Label: GAMMAGARD S/D- human immunoglobulin g

  • NDC Code(s): 0944-2655-04
  • Packager: Baxter Healthcare Corporation
  • Category: PLASMA DERIVATIVE
  • DEA Schedule: None
  • Marketing Status: Biologic Licensing Application

Drug Label Information

Updated June 17, 2011

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  • DESCRIPTION

    GAMMAGARD S/D, Immune Globulin Intravenous (Human) [IGIV], IgA less than 1 µg/mL in a 5% Solution (IgA < 1 µg/mL), is GAMMAGARD S/D, selected to have an IgA concentration of less than 1 µg/mL of IgA in a 5% solution. GAMMAGARD S/D, Immune Globulin Intravenous (Human) [IGIV] is a solvent/detergent treated, sterile, freeze-dried preparation of highly purified immunoglobulin G (IgG) derived from large pools of human plasma. The product is manufactured by the Cohn-Oncley cold ethanol fractionation process followed by ultrafiltration and ion exchange chromatography. Source material for fractionation may be obtained from another U.S. licensed manufacturer. The manufacturing process includes treatment with an organic solvent/detergent mixture,1,2 composed of tri-n-butyl phosphate, octoxynol 9 and polysorbate 80.3 The GAMMAGARD S/D manufacturing process provides a significant viral reduction in in vitro studies.3 These studies, summarized in Table 1, demonstrate virus clearance during GAMMAGARD S/D manufacturing using human immunodeficiency virus; Type 1 (HIV-1); as a relevant virus and model for HIV-2; bovine viral diarrhea virus (BVD), a model virus for enveloped RNA viruses such as hepatitis C virus (HCV); pseudorabies virus (PRV), a generic model virus for enveloped DNA viruses such as hepatitis B virus (HBV); hepatitis A virus (HAV); and mice minute virus (MMV), a model for small non-enveloped DNA viruses such as human parvovirus B19 (B19V).  These reductions are achieved through a partitioning and inactivation during cold ethanol fractionation and the solvent/detergent treatment.3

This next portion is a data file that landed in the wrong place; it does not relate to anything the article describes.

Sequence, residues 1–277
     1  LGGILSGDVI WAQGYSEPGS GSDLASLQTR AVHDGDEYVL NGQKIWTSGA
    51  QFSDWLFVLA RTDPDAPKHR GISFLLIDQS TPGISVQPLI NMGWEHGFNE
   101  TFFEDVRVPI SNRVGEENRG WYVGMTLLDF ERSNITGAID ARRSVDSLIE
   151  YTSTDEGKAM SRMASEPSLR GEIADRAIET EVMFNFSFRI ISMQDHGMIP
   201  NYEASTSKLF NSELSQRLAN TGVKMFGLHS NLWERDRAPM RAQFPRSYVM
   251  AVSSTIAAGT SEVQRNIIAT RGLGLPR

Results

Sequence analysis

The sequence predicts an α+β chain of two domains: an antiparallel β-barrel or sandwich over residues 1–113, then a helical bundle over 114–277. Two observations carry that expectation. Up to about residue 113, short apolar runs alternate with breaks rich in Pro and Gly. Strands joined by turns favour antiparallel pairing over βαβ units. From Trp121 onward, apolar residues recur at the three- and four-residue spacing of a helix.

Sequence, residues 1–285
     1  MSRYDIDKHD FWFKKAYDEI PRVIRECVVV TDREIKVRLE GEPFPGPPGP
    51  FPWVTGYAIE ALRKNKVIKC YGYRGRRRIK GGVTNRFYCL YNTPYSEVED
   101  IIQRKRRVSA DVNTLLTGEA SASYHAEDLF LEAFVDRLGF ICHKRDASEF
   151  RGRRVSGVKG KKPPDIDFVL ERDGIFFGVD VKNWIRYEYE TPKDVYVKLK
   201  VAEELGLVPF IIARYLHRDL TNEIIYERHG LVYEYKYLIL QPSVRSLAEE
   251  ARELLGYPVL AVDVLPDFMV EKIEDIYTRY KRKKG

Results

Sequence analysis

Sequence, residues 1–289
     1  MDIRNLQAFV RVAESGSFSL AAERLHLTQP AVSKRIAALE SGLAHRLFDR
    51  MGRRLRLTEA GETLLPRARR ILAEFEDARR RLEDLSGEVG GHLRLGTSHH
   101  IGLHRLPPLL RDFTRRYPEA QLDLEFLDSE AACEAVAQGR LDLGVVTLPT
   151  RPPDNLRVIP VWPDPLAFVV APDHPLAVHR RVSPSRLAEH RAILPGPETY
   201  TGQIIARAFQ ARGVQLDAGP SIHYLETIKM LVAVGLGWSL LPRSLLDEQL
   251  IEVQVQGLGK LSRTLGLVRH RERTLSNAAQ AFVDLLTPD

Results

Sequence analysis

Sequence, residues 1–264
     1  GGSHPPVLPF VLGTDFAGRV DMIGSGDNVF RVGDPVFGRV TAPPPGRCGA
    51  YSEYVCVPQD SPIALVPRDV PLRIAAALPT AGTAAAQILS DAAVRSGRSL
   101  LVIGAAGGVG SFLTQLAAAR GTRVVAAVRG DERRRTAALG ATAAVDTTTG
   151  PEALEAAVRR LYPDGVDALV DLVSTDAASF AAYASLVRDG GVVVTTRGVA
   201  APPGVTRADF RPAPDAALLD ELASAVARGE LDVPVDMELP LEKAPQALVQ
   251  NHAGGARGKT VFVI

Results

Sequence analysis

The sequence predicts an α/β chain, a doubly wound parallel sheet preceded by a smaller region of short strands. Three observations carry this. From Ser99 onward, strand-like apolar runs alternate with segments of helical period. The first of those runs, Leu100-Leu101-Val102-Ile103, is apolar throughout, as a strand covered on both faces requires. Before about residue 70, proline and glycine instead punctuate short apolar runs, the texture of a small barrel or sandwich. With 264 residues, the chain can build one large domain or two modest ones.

Table 1: In Vitro Virus Clearance During GAMMAGARD S/D Manufacturing
    *
    These values are not included in the computation of the cumulative reduction of virus since the virus clearance is within the variability limit of the assay (≤1.0).
    NT Not Tested.
    NA Not Applicable. Solvent/detergent treatment does not affect non-enveloped viruses.
    Process Step Evaluated Virus Clearance (log10)
    Enveloped Viruses Non-Enveloped Viruses
    BVD HIV-1 PRV HAV MMV
    Step 1 Processing of Cryo-Poor Plasma to Fraction I+II+III Precipitate 0.6* 5.6 1.0* 0.5* NT
    Step 2-3 Processing of Resuspended Suspension A Precipitate to Suspension B Cuno 70 Filtrate 2.6 >5.7 >5.2 >5.2 >5.3
    Step 4 Solvent/Detergent Treatment >4.9 >3.7 >4.1 NA NA
    Cumulative Reduction of Virus (log10) >7.5 >15.0 >9.3 >5.2 >5.3

    When reconstituted with the total volume of diluent (Sterile Water for Injection, USP) supplied, this preparation contains approximately 50 mg of protein per mL (5%), of which at least 90% is gamma globulin. The product, reconstituted to 5%, contains a physiological concentration of sodium chloride (approximately 8.5 mg/mL) and has a pH of 6.8 ± 0.4. Stabilizing agents and additional components are present in the following maximum amounts for a 5% solution: 3 mg/mL Albumin (Human), 22.5 mg/mL glycine, 20 mg/mL glucose, 2 mg/mL polyethylene glycol (PEG), 1 µg/mL tri-n-butyl phosphate, 1 µg/mL octoxynol 9, and 100 µg/mL polysorbate 80. The manufacturing process for GAMMAGARD S/D, isolates IgG without additional chemical or enzymatic modification, and the Fc portion is maintained intact. GAMMAGARD S/D contains all of the IgG antibody activities which are present in the donor population. On the average, the distribution of IgG subclasses present in this product is similar to that in normal plasma.3 GAMMAGARD S/D, IgA < 1 µg/mL, contains trace amounts of IgA (less than 1 µg/mL in a 5% solution) . IgM is also present in trace amounts. If it is necessary to prepare a 10% (100 mg/mL) solution for infusion, half the volume of diluent should be added, as described in DOSAGE AND ADMINISTRATION. In this case, the stabilizing agents and other components, including IgA, will be present at double the concentrations given for the 5% solution.